Report on Chaiten (Chile) — 21 May-27 May 2008
Smithsonian / US Geological Survey Weekly Volcanic Activity Report, 21 May-27 May 2008
Managing Editor: Sally Kuhn Sennert
Please cite this report as:
Global Volcanism Program, 2008. Report on Chaiten (Chile). In: Sennert, S K (ed.), Weekly Volcanic Activity Report, 21 May-27 May 2008. Smithsonian Institution and US Geological Survey.
42.833°S, 72.646°W; summit elev. 1122 m
All times are local (unless otherwise noted)
Based on observations of satellite imagery and pilot reports, the Buenos Aires VAAC reported that during 21 and 23-27 May ash plumes from Chaitén rose to altitudes of 3-6.4 km (10,000-21,000 ft) a.s.l. and drifted N, NE, E, and SE. Cloudy conditions occasionally inhibited observations. A thermal anomaly was present on 26 May.
During aerial observations on 21 May, SERNAGEOMIN scientists observed a new lava dome that formed in the interior of an active crater on the N flank of the older lava dome. Explosions from the new lava dome generated reddish plumes and small pyroclastic flows that descended the N flank. Steam plumes were emitted from the western part of the dome. Eruption plumes generated from an area in the S part of the active crater drifted SE. The Alert level remained at Red. An overflight conducted on 24 May revealed that the lava dome had grown slightly and was just above the top of the old dome. A crater about 200 m in diameter S of the new dome emitted ash and gas. Block-and-ash flows traveled mostly N. Many of the areas rivers were gray with ash and pumice. Lahars along the Chaitén river continued to affect Chaitén town. During 24-25 May, ash plumes rose to an approximate altitude of 4.6 km (15,100 ft) a.s.l.; explosions occasionally propelled the gas-and-ash column to an altitude of 6.1 km (20,000 ft) a.s.l.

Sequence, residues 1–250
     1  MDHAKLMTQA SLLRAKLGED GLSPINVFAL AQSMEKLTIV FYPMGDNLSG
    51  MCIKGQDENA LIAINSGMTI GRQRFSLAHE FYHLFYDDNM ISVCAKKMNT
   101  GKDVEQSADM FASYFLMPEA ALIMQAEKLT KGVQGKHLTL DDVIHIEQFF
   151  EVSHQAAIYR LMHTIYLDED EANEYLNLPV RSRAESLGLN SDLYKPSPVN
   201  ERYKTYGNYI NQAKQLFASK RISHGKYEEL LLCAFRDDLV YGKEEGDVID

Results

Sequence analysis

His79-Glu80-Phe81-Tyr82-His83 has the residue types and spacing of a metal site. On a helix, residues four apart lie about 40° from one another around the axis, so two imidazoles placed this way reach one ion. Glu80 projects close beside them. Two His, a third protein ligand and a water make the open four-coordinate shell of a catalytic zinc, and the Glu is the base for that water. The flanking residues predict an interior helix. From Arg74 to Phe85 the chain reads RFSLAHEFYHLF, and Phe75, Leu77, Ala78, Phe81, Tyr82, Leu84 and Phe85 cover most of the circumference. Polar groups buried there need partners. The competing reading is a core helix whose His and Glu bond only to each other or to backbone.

SERNAGEOMIN reported that during 23-26 May, the number and intensity of seismic events decreased, and explosions were less powerful and produced smaller volumes of material. On 25 May, ONEMI reported that the 50-km high-risk zone was reduced to 24 km due to the decrease in activity. Residents were permitted to retrieve property and animals from within the high-risk zone.
Geologic Background. Chaitén is a small, glacier-free caldera with a compound Holocene lava dome located 10 km NE of the town of Chaitén on the Gulf of Corcovado. Early work had identified only a single explosive eruption during the early Holocene prior to the major 2008 eruption, but later work has identified multiple explosive eruptions throughout the Holocene. A rhyolitic obsidian lava dome occupies much of the caldera floor. Obsidian cobbles from this dome found in the Blanco River are the source of prehistorical artifacts from archaeological sites along the Pacific coast as far as 400 km from the volcano to the N and S. The caldera is breached on the SW side by a river that drains to the bay of Chaitén. The first historical eruption, beginning in 2008, produced major rhyolitic explosive activity and growth of a lava dome that filled much of the caldera.